Example_Medication_Administration_Policy

Document Sample
Example_Medication_Administration_Policy Powered By Docstoc
					              Example HACC Service
     MEDICATION SUPPORT AND ADMINISTRATION
                    POLICY
This Policy is developed in line with the Policy Framework and Guidelines endorsed
by the WA HACC Program and the Office of the Chief Nursing Officer (Department of
Health).



HACC MEDICATION BELIEFS AND PRINCIPLES
This Organisation adopts the following beliefs and principles:

BELIEFS:

   Frail aged people, people with disabilities and their carers have a right to remain
    living in the community for as long as possible.
   Clients should be encouraged to maintain their independence as long as possible
    including managing their own medicines in a safe and effective manner.
   In endorsing the first two beliefs our support staff will provide medication support
    and/ or administration and will abide by the policy and procedures outlined in this
    document.
   Support workers will have access to training to ensure that they have appropriate
    skills and knowledge to support and/or administer client medication.


PRINCIPLES:

   This Organisation has established a written policy and procedures that outline the
    decision of This Organisation regarding the role of support workers in the
    management of client medication and any relevant risk management policy and
    practice issues.
   Clients receive individual medication assessment (where appropriate) and where
    appropriate this assessment be in conjunction with the client, family, doctor and
    other health professionals.
   This Organisation regularly liaises with general practitioners, pharmacists and
    other health professionals with regard to medications as required.
   Clients have a clear, individual medication support plan.
   A consent form is completed by the client or carer, family, or guardian.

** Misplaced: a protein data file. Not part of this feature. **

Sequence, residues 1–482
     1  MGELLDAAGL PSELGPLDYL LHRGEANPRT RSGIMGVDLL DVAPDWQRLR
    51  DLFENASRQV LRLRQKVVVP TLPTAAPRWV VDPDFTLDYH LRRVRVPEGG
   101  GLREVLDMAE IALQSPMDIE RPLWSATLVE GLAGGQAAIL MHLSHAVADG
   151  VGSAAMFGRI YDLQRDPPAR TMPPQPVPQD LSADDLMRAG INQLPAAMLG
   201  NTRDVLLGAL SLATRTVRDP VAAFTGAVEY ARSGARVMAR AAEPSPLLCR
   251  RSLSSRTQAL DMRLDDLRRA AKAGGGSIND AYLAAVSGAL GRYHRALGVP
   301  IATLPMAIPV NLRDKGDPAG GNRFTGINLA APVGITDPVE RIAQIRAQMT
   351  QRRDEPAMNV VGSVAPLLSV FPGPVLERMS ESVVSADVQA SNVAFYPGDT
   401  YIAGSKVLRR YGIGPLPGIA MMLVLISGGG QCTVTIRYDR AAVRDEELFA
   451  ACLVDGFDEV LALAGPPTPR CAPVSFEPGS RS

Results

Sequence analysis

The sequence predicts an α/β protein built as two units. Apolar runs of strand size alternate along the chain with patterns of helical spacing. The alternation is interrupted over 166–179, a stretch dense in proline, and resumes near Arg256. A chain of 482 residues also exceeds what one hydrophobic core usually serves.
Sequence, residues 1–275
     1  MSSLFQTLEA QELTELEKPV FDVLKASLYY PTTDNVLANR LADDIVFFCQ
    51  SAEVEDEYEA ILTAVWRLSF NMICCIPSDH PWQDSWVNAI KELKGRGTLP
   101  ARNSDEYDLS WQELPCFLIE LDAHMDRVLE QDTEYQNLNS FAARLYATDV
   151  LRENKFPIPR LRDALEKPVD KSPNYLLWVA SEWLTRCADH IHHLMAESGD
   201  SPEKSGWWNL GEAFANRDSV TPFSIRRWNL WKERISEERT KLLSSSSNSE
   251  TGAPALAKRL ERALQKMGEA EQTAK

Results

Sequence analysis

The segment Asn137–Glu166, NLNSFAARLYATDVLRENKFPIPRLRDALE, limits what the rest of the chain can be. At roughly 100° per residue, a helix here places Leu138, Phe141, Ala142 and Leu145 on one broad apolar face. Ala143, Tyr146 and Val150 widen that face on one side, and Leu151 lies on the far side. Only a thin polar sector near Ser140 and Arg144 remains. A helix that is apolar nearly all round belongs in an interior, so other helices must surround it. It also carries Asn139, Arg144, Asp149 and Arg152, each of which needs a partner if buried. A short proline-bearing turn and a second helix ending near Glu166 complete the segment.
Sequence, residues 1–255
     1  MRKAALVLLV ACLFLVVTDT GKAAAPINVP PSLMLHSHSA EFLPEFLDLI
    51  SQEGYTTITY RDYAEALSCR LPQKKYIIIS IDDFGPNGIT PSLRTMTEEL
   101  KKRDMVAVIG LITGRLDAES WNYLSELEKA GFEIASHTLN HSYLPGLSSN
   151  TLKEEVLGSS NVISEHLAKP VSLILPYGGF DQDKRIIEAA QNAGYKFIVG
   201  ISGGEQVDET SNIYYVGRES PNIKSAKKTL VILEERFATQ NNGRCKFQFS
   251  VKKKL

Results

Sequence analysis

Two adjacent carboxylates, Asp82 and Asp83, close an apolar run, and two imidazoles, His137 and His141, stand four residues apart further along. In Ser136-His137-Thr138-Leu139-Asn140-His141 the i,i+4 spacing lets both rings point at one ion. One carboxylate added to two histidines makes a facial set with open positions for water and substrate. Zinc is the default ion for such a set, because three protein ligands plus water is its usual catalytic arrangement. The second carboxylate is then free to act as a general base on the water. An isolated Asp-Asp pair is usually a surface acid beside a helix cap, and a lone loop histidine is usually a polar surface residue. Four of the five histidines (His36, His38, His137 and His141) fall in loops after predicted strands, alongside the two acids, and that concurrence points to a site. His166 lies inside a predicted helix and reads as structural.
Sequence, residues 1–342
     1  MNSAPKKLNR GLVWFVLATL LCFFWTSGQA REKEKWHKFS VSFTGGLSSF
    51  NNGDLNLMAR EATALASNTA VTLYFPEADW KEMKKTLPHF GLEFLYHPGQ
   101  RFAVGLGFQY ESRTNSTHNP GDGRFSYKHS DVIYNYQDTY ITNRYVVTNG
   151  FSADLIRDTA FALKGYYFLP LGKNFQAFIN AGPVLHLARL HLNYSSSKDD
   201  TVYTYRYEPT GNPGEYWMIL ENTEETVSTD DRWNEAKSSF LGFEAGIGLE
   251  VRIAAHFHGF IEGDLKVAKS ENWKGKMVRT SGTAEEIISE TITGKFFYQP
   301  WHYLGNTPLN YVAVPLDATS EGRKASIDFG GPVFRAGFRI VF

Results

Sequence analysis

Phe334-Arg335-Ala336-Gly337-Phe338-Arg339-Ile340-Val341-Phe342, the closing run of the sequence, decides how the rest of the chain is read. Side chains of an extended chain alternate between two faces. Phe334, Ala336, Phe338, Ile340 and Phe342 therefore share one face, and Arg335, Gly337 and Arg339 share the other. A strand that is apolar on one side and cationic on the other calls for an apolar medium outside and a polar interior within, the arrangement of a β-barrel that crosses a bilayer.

   Clients with more complex health care needs have access to an appropriate
    health professional to provide back-up advice and support, as and when needed.
   Staff have access to training that provides them with the necessary skills and
    knowledge to confidently assist clients with medication support and/or
    administration.

         Based on guidelines developed by the Western Australian HACC Program
                              – Department of Health – 2010.
                  Example HACC Service: Medication Support and Administration Policy

                                                                             Page 2 of 10


   There is an organisational commitment to ongoing assessment and monitoring of
    staff practices.
   This Organisation is committed to ongoing continuous improvement in the
    management and administration of client medication.


DEFINITIONS – MEDICATION SUPPORT AND ADMINISTRATION
Medication support is the prompting and/or assisting the client with self medication
and may involve:
   reminding and/or prompting the client to take the medication
   assisting (if needed) with opening of medication containers for the client
   and other assistance not involving medication administration.

If medication support is being provided the client retains all responsibility for
their medications.

Medication Administration is the actual giving of medication and may involve:
   storing the medication
   opening the medication container
   removing the prescribed dosage
   and giving the medication to the client as per instructions.

If medication administration is being provided, the support worker is
responsible for ensuring that the client takes their medications.

(Source: Adapted from the Certificate III CHCCS303A Module Provide Physical Assistance
with Medication within the Australian Qualification Framework).

Note: Before involvement in the administering or support of client medication a
support worker must have achieved the medication competencies described under
Staff Training.



DEFINITIONS – OTHER
Client: The National HACC Program Guidelines 2007 describe the target population
as:

(a) people in the Australian community who, without basic maintenance and support
services provided under the scope of the National HACC Program, would be at risk
of premature or inappropriate long term residential care, including:
       (i) older and frail people with moderate, severe or profound disabilities;